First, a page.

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Old 10-21-2019, 10:37 AM   #1
Mini-Skoolie
 
Join Date: Jun 2019
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Year: 1984
Coachwork: International Harvester
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Gas Mileage

I Have A 1984 International S1753 And Iím Having Trouble Finding Out My Gas Mileage (MPG). Can Anyone Here Help With That?

Also, Has Anyone Here Driven From Missouri To California? If So, How Was The Trip?
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Old 10-21-2019, 11:13 AM   #2
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The fuel economy for your vehicle, driving style and conditions is unique. The best way to find out is to drive it til it’s almost empty and then fill it up. Take note of your odometer and quantity of fuel added to the tank. Next time you’re almost empty take note of the odometer again, subtract the original odometer reading and divide by the quantity of fuel. Doing this several times will give you the best average.
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Old 10-21-2019, 11:45 AM   #3
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Old 10-21-2019, 01:18 PM   #4
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I used gps to calculate my millage as many odometers aren't completely accurate. Also a good idea to get an average through multiple tests. You don't have to run yr tank empty to calculate mpg's but the more you use, the more accurate the test will be. I get 9 freeway and 10 backroad driving. I would say 8-12 is likelly if it's a diesel
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Old 10-21-2019, 01:57 PM   #5
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Originally Posted by SolomonEagle View Post
I used gps to calculate my millage as many odometers aren't completely accurate. Also a good idea to get an average through multiple tests. You don't have to run yr tank empty to calculate mpg's but the more you use, the more accurate the test will be. I get 9 freeway and 10 backroad driving. I would say 8-12 is likelly if it's a diesel
I bought a 'fuel saving' attachment one time - the claims made about it sounded too good to be true, but seeing as there was a money back guarantee, I figured I'd give it a try - first I topped up the gas tank on the crewcab and recorded the mileage - drove it for a couple of weeks, then filled it and recorded the mileage - next step was to have the gas saver added - drove it for 3 weeks, keeping track of the amount of fuel, then finally filled it up and recorded the mileage again - it was 2 or 3 MPG less than I'd be getting before the accessory was added - the mechanic that sold it to me was less than happy with the news, but did live up to the money back guarantee as far as the accessory went, but not the labour he had charged to install the piece of junk - the point of the story is that the way I kept track of the mileage was accurate over several weeks of driving on variable terrain and varying speeds, on highway and city driving - doing it that way it's not necessary to fill completely with every fill up, just the first and last, and gives a very accurate reading of your fuel mileage providing your speedometer is correct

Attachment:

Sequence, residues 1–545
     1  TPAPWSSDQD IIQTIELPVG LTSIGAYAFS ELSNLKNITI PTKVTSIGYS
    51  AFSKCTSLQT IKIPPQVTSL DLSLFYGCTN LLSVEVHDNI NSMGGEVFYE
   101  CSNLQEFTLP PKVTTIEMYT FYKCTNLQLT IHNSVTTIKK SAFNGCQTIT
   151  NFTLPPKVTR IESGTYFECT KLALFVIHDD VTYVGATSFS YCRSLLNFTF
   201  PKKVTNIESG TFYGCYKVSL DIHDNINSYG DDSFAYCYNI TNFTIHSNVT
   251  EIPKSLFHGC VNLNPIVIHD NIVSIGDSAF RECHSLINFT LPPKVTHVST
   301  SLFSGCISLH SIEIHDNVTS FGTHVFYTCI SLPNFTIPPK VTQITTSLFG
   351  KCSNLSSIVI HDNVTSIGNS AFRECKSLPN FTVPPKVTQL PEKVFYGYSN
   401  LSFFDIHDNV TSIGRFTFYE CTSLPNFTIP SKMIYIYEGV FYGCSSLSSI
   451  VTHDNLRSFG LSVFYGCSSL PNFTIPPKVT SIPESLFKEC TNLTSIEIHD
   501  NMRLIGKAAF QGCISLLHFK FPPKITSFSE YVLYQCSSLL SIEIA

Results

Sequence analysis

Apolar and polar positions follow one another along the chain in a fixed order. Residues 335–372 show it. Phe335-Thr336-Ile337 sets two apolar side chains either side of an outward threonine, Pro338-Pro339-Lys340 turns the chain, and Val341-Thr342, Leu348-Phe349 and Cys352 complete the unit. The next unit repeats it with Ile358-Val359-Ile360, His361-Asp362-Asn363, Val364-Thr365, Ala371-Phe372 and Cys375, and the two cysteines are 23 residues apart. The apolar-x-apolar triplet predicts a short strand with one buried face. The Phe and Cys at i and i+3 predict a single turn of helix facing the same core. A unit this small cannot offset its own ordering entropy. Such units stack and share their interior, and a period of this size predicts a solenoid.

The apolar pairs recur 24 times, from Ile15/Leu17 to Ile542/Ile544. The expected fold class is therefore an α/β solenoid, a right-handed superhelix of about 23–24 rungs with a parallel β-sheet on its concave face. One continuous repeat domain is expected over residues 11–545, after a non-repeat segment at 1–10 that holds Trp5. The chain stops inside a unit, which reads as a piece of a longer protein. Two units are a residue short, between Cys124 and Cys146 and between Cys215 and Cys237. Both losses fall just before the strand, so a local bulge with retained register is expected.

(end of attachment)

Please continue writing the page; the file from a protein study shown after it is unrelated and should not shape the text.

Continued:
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Old 10-21-2019, 02:19 PM   #6
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Yep, basically that's how fuel economy is calculated, miles driven divided by gallons used. The same is used for trucking companies that report fuel taxes (virtually all of them) with the added requirement of miles in each state (most of us will not have to do this).


So let's say I drive 1000 miles and use a total of 100 gallons, that maths out to 10 MPG. In my van, if I drive 800 miles on 40 gallons, that's 20 MPG. It works both ways, if you have an average fuel economy, you can estimate your fuel needs for a given trip, and you can use the national average for fuel costs (or in my case, I just round up from my local prices a bit). So if I'm planning a trip, I can use the GPS to get the round trip miles (usually rounded off to simplify the math), divide that by my estimated fuel mileage, multiply that by fuel cost. Example - 800 mile trip (each way), 1600 miles total, 20 MPG comes to 80 gallons, times $2.50 per gallon makes my travel budget $200. Since the numbers are rounded, I'd add a minimum of 10% but more likely I'd reserve $250 for the trip, since I might want to use my vehicle around town while I'm there.
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Old 10-21-2019, 02:24 PM   #7